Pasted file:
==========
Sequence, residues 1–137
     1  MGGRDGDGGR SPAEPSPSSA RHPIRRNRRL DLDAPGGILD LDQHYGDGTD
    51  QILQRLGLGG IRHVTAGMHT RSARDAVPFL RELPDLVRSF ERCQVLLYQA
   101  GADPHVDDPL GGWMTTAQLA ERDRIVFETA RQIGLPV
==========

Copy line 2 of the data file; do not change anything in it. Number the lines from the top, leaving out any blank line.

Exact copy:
     1  MGGRDGDGGR SPAEPSPSSA RHPIRRNRRL DLDAPGGILD LDQHYGDGTD